Dodson’s older brothers Paul and Bruce are, respectively, the superintendent at Calgary’s Silver Springs Golf & Country Club and the superintendent-owner at Heritage Hills Golf Club in Barrie, Ont. His nephew Matt Dodson (Paul’s son) is superintendent at Orchard Beach Golf & Country Club in Keswick, Ont. and his niece Katie Dodson (Paul’s daughter) is a turfgrass researcher at Olds College in Alberta after having previously worked for Jacklin Seed.

Having been employed at golf courses in both Canada and the United States, Dodson said there are similarities and contrasts in the normal day-to-day routine. Buffalo’s geographic location lends itself to the same general climate as that of the GTA and Golden Horseshoe area, and the same pest pressures exist on either side of the border. But he has access to certain chemistries and other products that are not available to Canadian superintendents.

Still, environmental laws in Ontario and New York State “aren’t too far apart.”

Dodson said New York and California are the most regulated states in the union and have some of the strictest environmental laws.

“When new pesticides get registered, California and New York are always at the end. I’ve seen products get registered in other states, and in New York we still don’t have it.”

There are other differences between Ontario and New York that impact how a superintendent does his job. In New York, to maintain a licence to apply pesticides, a prescribed number of credit hours must be accumulated through the New York Department of Environmental Conservation.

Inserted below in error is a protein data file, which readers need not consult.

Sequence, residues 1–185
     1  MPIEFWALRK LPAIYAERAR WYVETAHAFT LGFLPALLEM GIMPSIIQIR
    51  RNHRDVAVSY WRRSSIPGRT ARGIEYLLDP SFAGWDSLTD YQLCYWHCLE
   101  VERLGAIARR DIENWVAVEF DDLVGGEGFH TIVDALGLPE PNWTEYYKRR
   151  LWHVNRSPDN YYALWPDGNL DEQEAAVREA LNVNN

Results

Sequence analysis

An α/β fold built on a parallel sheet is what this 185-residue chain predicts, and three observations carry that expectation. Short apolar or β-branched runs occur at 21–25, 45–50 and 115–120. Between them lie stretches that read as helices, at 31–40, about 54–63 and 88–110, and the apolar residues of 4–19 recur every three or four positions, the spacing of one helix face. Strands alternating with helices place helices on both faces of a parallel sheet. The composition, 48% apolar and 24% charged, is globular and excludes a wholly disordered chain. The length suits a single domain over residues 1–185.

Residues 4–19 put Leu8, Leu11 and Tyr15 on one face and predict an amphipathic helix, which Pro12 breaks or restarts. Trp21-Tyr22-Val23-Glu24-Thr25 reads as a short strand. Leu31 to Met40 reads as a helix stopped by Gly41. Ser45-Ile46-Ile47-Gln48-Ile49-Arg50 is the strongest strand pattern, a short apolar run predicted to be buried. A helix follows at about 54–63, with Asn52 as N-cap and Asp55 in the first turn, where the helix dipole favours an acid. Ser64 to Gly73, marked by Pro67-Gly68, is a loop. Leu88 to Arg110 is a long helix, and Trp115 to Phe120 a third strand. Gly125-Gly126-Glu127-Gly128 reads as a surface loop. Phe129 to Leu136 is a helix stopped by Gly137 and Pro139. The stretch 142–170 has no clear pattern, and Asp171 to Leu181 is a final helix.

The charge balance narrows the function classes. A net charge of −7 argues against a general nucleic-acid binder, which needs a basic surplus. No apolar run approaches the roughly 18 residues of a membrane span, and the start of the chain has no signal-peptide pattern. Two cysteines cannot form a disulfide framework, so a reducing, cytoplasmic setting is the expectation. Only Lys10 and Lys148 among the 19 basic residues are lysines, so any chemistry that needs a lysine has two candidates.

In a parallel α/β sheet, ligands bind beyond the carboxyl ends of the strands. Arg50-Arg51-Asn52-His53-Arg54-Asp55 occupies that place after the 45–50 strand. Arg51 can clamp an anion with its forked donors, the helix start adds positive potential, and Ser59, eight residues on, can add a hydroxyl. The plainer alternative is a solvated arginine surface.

“You have to get so many points every three-year cycle or you have to rewrite your test. You have to keep up with that stuff.”

There is a concern within the industry in Western New York that the day will come when fees will be implemented for taking water. Dodson has had to maintain accurate records of his water consumption over the past five or six years.

“We have to submit an annual report and you have to have an actual electronic meter in your pump house. You can’t just go by what your pump station tells you. It has to be a metered flow.”

The demands of the superintendent are no different at the Park Club than at any other private club in either Canada or the United States, Dodson said, adding he appreciates the way the membership has treated him over the past 25 years.

“Here they have treated me very, very well compared to any other place I’ve been as a superintendent. I get treated incredibly well here. They actually regard me as a professional, not just a grass cutter.”

The Park Club has actually bucked the trend of many other golf courses – private and public like – that have struggled in recent years. It is the only club in Western New York with a waiting list for prospective members.